No slouch on guitar himself, Bachman regains control of the album with the tasty early ZZTop Texas blues stylings of “Learn to Fly” and “Wild Texas Ride” (possibly the most commercial track on the album). The guitar work is tasty, beefy and will satisfy BTO fans hoping for glimpse of the old, playful meat and potatoes 1970s Bachman.

The album finally hits its stride with the swamp blues spiritual “Oh My Lord” which carries on the battle between good and evil hinted at on “Ton of Bricks”. Randy’s at home vocally and thematically as he warns that something wicked this way comes. Playing devil’s advocate at the crossroads is the blistering guitar slinger Robert Randolph. We also get a gospel rock revival with female vocal harmonies.

Randy JeffBachman gives us a one-two punch with “Confessin’ To The Devil” – a “Bo Diddley” fused pelvis grinder. It’s the type of jungle groove that Southern Baptists feared would corrupt our youth back in the heady days of Rock and Roll. Randy’s preaching and confessing and the congregation chants their approval. Adding to the heavenly charm is a visit from the late guitarist Jeff Healey whose lead work provides icing on the cake.

“Heavy Blues”, the title track, is an amalgam of the jazzy Bachman we’ve heard on BTO classics like “Lookin’ Out For #1” and “Blue Collar” on top of a Ginger Baker drum assault while legendary guitarist Peter Frampton channels Carlos Santana of all people. On paper it should sound like hell, but in the hands of producer Kevin Shirley it all works.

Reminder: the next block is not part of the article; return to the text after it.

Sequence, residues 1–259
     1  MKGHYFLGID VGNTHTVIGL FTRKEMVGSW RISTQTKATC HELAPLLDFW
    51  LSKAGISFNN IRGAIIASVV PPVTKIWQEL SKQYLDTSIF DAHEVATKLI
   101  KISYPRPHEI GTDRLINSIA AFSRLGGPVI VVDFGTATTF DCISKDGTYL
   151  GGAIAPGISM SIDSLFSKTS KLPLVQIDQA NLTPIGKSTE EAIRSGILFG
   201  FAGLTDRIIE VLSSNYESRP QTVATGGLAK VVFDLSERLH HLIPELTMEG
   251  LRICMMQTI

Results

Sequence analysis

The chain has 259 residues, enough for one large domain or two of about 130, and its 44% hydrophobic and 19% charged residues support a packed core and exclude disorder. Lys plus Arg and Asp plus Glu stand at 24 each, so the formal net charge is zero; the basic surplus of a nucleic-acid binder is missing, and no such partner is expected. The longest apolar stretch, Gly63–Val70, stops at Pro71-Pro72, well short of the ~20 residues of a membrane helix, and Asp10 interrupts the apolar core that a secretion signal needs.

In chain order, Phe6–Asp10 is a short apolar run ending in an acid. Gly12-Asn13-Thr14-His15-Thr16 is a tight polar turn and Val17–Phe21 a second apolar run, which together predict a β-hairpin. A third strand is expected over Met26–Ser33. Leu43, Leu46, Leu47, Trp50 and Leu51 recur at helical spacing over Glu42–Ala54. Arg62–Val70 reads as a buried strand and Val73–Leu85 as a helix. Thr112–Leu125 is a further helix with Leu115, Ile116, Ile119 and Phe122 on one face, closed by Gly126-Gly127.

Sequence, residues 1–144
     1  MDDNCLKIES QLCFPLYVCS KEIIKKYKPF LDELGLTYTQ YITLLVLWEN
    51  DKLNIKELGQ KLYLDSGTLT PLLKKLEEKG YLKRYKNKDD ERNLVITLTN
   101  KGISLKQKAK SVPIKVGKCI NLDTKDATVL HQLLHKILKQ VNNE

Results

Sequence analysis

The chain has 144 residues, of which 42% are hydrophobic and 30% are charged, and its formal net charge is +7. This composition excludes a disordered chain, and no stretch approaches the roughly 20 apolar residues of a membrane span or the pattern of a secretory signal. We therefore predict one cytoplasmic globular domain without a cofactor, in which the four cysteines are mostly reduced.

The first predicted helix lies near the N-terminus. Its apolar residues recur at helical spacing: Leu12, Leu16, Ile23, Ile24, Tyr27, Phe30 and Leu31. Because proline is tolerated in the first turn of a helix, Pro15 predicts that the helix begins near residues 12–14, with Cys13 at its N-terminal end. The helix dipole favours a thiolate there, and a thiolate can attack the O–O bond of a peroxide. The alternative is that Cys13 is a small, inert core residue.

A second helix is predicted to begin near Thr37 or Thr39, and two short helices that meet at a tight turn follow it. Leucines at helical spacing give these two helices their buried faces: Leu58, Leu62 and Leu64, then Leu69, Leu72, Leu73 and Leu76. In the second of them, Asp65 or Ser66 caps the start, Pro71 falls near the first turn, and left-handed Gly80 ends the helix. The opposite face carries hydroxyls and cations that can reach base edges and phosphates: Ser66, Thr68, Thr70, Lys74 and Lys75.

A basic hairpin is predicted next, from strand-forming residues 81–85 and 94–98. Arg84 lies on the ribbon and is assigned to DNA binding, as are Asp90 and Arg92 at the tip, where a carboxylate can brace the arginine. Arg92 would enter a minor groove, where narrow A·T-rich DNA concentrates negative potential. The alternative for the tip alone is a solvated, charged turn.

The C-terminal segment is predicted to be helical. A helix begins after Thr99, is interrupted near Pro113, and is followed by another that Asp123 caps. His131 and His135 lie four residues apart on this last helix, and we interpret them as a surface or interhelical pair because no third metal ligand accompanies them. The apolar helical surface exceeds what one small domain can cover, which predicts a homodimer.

Bachman re-writes every Hendrix trope in “Please Come To Paris”. It’s one of the least inspiring tracks here but as an homage it carries its weight in gold courtesy of guitarist Luke Doucet.


Finally, Bachman gets his Clapton blues ballad on with the “It’s A Wonderful World” delivery of  “We Need To Talk” with what is the most introspective lyric on the album about two people needing to clear the air so that their relationship can move forward. And as we’ve learned about the best blues songs, melancholy heartache drives the genre.

Send your CDs for review to this address: Jaimie Vernon, 4003 Ellesmere Road, Toronto, ON M1C 1J3 CANADA


Jaimie’s column appears every Saturday

Contact us at dbawis@rogers.com

DBAWIS ButtonJaimie “Captain CanCon” Vernon has been president of the on again/off-again Bullseye Records of Canada since 1985. He wrote and published Great White Noise magazine in the ‘90s, has been a musician for 33 years, and recently discovered he’s been happily married for 16 years. He is also the author of the recently released Canadian Pop Music Encyclopedia and a collection of his most popular ‘Don’t Believe A Word I Say’ columns called ‘Life’s A Canadian…BLOG’ is now available at Amazon.com http://gwntertainment.wix.com/jaimievernon


  1. Peter Montreuil Says:

    Great column. I can’t wait to get my hands on the CD.